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When Not to File an Auto Insurance Claim

If there are two or more parties involved in the accident


There are certain times when not filing a claim makes sense.

If you can successfully negotiate damages on your own, and come to an agreement (in writing), then you can probably take care of the situation on your own.

The most important thing to get from the other party is a release of any and all claims against you (the policyholder, the driver, and the owner of the car) - all claims including and not limited to “bodily injury claims”.

You need to secure the release for injuries; otherwise the other party will always have a potential claim against you (even if you are only dealing with a bumper).


You need to do this even if the other party does not appear to be injured or have ever claimed to be injured.

If you are able to get this document signed (from every legal adult in the vehicle), then you have protected yourself from any frivolous lawsuit.

However, not notifying your insurance company can bring you a bigger headache later on.

If you fail to notify the insurance company that a loss occurred, you are probably breaching the terms of the auto policy (duty to report losses).

By reporting the claim, your insurance company will be required to provide coverage for your defense (hire an attorney), even if the lawsuit is frivolous.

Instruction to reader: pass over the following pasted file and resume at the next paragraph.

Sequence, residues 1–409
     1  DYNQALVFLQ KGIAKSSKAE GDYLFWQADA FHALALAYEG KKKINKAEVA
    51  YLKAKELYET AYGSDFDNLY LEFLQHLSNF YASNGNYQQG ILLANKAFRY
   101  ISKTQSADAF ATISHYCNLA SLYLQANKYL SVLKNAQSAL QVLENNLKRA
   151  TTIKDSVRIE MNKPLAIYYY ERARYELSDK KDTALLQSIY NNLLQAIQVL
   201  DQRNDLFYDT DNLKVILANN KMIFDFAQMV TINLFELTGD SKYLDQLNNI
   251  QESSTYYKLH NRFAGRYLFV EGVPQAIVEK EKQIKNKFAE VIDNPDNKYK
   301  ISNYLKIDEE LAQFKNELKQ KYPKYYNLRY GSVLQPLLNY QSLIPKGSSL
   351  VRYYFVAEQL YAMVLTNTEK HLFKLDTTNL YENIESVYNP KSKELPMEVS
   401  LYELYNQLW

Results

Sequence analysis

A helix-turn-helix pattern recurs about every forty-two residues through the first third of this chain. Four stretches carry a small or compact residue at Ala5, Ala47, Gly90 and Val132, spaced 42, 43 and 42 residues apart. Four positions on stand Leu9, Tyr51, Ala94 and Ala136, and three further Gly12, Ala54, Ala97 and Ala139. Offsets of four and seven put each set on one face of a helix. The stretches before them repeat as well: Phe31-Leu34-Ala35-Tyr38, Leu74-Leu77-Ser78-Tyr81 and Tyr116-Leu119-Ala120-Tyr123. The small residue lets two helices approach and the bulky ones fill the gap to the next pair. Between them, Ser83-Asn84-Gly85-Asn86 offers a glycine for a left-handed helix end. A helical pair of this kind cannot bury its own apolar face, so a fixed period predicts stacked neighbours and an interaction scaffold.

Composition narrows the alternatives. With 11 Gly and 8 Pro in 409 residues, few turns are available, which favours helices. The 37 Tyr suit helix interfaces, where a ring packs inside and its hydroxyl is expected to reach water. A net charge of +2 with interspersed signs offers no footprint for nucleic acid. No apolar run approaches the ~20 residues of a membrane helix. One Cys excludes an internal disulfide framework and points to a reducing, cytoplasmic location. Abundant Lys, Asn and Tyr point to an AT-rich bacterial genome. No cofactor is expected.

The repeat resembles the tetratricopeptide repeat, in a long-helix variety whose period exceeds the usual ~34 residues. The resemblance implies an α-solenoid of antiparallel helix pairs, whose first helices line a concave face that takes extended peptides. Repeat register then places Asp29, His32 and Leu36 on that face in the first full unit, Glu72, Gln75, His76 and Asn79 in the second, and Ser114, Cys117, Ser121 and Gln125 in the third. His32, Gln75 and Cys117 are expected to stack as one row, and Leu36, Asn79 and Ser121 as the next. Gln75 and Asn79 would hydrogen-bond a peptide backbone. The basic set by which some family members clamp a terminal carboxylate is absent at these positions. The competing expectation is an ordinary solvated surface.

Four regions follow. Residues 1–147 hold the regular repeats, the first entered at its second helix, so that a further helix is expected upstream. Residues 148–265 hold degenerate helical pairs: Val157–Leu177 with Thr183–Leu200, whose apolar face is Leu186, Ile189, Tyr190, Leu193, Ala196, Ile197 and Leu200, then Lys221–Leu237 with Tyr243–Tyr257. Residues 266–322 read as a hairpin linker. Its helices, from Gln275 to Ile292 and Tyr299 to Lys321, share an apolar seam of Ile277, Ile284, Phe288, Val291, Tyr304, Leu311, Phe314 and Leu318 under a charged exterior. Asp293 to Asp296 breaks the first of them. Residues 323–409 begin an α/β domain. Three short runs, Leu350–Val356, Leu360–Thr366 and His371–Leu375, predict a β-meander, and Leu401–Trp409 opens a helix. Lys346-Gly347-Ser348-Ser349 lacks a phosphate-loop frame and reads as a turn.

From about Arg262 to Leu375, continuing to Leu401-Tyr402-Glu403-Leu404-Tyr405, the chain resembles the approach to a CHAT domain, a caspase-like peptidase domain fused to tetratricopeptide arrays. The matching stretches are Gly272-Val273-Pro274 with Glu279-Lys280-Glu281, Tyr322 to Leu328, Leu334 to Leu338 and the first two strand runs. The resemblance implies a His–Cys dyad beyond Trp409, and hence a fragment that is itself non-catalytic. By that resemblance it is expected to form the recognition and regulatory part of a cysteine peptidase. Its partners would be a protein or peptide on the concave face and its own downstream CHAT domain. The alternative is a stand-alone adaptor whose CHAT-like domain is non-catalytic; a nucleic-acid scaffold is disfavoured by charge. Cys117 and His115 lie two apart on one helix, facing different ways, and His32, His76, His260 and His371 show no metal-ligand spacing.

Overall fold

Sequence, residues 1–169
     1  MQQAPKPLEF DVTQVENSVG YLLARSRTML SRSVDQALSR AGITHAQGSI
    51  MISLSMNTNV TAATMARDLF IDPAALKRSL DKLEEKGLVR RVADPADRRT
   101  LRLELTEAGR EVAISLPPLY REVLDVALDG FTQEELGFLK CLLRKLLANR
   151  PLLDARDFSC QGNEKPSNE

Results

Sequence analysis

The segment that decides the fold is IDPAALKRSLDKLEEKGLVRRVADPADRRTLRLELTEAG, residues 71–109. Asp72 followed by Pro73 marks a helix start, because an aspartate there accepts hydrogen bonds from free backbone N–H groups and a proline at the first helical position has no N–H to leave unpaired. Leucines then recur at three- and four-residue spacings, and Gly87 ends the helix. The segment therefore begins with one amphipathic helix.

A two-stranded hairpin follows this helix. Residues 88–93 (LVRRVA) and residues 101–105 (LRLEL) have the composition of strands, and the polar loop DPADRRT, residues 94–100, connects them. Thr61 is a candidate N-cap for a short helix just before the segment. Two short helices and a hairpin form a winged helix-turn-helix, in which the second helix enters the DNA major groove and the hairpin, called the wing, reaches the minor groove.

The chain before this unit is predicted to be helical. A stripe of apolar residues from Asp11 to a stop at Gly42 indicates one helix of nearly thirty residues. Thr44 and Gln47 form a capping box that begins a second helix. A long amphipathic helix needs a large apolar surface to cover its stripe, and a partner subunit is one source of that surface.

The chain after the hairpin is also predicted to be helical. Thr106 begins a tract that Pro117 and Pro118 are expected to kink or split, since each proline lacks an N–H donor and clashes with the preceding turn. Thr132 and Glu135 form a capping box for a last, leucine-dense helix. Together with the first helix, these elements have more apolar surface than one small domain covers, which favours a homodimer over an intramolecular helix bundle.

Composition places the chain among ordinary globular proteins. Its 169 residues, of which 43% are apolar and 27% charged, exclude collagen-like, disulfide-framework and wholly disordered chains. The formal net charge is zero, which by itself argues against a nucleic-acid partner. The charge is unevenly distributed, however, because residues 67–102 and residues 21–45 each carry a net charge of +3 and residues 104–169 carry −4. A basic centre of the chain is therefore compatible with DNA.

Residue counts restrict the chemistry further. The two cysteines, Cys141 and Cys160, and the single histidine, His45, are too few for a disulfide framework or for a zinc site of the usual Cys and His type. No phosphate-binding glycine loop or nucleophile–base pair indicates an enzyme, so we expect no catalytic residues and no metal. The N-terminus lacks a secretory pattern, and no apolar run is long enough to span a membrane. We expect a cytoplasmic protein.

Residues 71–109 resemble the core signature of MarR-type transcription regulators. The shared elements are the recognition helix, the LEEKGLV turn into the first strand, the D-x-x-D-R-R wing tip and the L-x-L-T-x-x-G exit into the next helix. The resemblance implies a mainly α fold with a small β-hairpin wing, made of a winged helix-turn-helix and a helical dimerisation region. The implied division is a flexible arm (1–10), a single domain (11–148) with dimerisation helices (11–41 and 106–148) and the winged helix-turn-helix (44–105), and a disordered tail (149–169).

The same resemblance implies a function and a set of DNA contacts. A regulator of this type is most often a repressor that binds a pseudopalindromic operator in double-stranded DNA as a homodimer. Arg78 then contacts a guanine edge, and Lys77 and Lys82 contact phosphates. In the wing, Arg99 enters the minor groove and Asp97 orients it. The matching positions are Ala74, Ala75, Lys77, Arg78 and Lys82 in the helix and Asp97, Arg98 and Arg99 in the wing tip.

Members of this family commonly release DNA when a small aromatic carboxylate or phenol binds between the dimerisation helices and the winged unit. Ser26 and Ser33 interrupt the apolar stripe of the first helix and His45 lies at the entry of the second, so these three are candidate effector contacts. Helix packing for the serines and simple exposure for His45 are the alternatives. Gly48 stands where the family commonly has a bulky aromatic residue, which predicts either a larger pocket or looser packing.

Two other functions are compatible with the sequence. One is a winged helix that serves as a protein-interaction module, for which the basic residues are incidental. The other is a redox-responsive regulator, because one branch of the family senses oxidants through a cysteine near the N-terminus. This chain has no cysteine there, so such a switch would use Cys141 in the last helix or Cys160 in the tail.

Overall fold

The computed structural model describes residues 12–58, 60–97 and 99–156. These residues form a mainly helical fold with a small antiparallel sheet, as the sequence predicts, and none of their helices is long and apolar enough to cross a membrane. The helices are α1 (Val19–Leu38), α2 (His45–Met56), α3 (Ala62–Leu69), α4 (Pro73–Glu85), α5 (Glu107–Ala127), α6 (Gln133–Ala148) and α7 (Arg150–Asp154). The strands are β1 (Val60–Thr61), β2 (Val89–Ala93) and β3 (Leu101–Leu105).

If you are wondering if you should file a claim and there are two or more vehicles involved, then the answer really is - you should always notify the insurance company. “Notify” does not mean “file a claim”.


You could tell them that you would take care of damages yourself, but if things get ugly then you could always call back. This will at least ensure future coverage in case of a lawsuit.  

It is understandable that you want to keep your insurance payment low. However, not filing in time could put you in a bad spot.

Having the insurance company provide an attorney if you need one (if there is a lawsuit against you) will end up saving you a lot more than the increase on premium.

Do not try to save on this one. It could cost you much more at the end.


You can always ask your agent if is more advantageous for you to pay out of your own pocket. However, be wary of the answer an agent gives you.

Agents want to discourage you from filing claims (the more claims their clients file, the less bonuses they get). The agent has a vested interest on discouraging you from filing the claim.

Determining fault is not the agent’s job. It is the claim adjuster that must determine that. Do not be fooled by that.

If the adjuster thinks that you are 10% at fault, then that is the amount of negligence that will be attributed to you regardless of what the agent thinks.  Better be safe than sorry.

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